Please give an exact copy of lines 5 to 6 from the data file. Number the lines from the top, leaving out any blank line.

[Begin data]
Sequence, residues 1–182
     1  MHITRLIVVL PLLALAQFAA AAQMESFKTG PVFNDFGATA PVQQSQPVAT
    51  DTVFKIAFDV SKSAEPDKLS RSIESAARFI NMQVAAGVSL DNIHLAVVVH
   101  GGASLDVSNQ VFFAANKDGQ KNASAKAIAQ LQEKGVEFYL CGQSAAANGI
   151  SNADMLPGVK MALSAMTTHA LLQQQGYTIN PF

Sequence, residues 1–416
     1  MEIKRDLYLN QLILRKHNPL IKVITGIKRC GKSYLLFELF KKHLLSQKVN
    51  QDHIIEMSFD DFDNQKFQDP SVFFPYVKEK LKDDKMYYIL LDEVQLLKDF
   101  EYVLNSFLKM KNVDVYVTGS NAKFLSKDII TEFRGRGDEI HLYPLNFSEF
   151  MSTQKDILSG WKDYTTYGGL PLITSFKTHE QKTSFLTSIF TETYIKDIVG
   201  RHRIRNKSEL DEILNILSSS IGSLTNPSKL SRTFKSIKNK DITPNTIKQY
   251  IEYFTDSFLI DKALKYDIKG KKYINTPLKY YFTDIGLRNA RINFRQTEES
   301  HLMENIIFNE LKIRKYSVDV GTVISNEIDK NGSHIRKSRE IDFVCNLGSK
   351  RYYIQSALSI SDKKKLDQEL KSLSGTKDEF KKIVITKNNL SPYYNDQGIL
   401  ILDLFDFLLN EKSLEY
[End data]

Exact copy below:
   151  SNADMLPGVK MALSAMTTHA LLQQQGYTIN PF

Sequence, residues 1–416